Officers with the Athens Police Department, Ohio University Police Department and Ohio State Highway Patrol showed dozens of Athens County children Sunday that Christmas can arrive in many forms.
About 20 police officers were at Wal-Mart, 929 E. State St., Sunday afternoon to take local underprivileged children on a shopping spree. Roughly 30 children were able to pick out their own Christmas presents.
“There are kids out there in need that may be under the radar of the social services agencies,” said APD Officer Dave Williams, who organized the event. “The police department likes to help with those families in need, not only this time of year but throughout the year.”
The event — dubbed “Shop with a Cop” — spent $2,500 on the children through Wal-Mart gift cards made available by a grant from the Wal-Mart Foundation. The program is in its second year.
If the kids went a little over budget, some officers used money from their own pockets to cover the difference, Williams said.
The program is aimed at elementary school-aged children, though older and younger siblings of participants were included as well.
Williams and other event organizers coordinated with local schools to choose the shoppers.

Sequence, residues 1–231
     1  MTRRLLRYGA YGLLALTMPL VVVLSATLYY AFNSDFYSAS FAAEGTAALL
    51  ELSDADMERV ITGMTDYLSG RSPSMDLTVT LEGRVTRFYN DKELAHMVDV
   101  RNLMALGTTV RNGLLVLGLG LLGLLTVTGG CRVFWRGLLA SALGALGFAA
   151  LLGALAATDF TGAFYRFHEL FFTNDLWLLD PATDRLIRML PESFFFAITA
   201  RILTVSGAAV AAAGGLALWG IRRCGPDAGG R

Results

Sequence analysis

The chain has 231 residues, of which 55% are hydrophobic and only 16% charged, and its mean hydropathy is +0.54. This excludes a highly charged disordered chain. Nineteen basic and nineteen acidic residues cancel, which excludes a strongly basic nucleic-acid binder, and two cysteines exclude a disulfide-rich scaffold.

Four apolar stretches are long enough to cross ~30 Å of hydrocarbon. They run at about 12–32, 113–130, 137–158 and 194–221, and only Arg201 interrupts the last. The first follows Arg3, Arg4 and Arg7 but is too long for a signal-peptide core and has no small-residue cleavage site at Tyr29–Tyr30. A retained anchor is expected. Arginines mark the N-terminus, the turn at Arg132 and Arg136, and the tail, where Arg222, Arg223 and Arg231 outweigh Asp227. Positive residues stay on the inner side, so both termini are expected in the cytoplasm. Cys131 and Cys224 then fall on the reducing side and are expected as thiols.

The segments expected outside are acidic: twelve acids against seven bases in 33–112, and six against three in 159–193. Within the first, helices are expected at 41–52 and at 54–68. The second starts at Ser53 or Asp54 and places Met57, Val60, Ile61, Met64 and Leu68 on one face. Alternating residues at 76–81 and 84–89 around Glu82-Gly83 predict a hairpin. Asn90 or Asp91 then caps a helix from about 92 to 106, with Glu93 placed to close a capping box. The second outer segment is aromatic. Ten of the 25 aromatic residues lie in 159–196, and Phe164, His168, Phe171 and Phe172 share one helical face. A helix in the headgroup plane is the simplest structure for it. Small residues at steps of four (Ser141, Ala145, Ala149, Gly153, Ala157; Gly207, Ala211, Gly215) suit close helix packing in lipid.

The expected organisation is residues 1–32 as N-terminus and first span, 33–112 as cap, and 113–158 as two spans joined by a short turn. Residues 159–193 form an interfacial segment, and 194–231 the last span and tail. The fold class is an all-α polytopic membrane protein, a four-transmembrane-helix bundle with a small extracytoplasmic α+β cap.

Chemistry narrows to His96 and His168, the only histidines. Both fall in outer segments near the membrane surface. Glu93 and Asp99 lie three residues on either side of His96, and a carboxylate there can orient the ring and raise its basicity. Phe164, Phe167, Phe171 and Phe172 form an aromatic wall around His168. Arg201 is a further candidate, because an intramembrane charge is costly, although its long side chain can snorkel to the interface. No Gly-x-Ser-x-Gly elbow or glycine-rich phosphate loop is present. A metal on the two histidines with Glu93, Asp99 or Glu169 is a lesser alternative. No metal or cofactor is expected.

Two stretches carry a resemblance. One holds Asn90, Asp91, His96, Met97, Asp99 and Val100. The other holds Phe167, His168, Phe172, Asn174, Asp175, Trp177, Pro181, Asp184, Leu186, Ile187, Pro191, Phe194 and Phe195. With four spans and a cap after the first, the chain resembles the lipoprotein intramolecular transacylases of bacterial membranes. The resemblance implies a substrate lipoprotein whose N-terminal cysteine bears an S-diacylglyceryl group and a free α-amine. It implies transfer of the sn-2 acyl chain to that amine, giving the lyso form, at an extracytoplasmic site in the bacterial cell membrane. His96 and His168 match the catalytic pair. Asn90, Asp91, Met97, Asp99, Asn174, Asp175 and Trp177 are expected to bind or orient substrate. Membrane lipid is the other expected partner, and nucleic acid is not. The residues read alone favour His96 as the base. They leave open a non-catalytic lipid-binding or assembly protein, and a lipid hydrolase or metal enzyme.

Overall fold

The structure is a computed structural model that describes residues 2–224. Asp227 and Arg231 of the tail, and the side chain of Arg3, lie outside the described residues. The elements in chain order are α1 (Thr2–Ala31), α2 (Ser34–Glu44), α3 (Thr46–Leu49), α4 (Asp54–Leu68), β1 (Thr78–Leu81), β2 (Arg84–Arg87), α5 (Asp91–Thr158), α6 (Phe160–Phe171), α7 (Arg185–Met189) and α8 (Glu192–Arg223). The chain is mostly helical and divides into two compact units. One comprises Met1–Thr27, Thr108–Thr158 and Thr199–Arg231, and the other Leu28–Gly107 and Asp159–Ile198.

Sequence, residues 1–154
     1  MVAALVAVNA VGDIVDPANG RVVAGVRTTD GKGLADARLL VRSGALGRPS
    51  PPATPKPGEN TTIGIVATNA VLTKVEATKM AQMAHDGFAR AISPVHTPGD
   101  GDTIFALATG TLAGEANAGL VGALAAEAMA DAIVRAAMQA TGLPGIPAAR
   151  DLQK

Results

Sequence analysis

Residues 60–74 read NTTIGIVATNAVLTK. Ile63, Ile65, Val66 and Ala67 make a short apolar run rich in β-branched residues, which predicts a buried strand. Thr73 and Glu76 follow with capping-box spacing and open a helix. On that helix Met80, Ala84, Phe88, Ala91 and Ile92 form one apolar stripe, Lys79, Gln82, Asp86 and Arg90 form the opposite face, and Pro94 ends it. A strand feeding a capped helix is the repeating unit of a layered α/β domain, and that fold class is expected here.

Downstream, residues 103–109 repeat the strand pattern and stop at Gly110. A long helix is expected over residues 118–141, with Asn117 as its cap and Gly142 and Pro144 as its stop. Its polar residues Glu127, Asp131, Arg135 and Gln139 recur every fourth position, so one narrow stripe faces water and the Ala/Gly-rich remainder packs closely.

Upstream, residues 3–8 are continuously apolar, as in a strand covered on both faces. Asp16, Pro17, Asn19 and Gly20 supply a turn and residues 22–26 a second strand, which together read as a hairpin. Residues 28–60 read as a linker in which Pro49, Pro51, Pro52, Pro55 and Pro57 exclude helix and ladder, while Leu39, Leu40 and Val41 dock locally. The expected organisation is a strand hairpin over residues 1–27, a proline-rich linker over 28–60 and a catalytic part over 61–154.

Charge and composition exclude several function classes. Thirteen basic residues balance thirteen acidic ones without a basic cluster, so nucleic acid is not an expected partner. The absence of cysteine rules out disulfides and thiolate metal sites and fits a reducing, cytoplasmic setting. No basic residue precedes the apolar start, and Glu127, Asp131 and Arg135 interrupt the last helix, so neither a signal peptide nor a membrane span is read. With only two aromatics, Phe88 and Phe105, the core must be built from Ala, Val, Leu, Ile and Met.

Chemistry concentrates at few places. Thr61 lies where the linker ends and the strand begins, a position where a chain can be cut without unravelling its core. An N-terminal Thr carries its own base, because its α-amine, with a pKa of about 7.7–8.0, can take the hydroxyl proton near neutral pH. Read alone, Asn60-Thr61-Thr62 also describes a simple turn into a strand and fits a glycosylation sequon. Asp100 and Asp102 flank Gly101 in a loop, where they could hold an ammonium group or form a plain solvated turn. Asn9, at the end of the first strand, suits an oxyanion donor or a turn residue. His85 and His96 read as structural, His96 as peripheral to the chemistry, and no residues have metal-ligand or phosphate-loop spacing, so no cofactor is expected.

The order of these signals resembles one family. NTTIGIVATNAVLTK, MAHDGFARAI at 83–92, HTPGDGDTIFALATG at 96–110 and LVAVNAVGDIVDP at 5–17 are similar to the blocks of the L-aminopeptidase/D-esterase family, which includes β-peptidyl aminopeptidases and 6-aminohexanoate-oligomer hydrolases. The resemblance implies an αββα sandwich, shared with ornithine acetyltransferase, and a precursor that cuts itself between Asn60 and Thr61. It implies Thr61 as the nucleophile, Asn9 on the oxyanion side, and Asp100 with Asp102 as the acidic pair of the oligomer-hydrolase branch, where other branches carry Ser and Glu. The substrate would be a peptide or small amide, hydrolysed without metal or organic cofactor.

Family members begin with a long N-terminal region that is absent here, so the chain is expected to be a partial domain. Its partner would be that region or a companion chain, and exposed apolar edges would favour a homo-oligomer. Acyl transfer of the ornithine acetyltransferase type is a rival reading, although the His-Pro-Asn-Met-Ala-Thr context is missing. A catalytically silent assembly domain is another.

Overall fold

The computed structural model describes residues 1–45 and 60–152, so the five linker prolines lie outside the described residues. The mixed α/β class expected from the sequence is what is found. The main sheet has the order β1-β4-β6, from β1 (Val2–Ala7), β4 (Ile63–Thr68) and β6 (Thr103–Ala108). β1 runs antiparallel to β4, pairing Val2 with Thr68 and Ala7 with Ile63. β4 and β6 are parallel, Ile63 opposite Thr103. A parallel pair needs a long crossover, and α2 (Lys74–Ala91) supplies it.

Participants aged five and younger were given $50 to spend, while the older children received $100.
At the start of the event, officers drew names of participants from an envelope, then set out for the shopping extravaganza.
“This just shows the great involvement that our police officers have in the community,” said Keith Adams, Wal-Mart manager. “They’re no different than you and I. They’re people too, and they have big hearts.”
Adams said he’s particularly passionate about the event this year, given recent tension between citizens and law enforcement in the U.S after the deaths of Eric Garner and Michael Brown, who were both killed by police officers while unarmed.
The program is growing, Adams said, and he hopes the trend continues.
The event was dedicated to Steve Kazee, a former loss-prevention officer for Wal-Mart who died of cancer a year ago.
Pictures of Kazee adorned a fireplace set up near the program’s initial gathering space.
After shopping ended, children were allowed to ride in police cruisers to the nearest state highway patrol outpost.
“It shows everyone that the police are not always as they may be portrayed sometimes through media or other sources,” Williams said. “Police actually do want to help — help others and help our community.”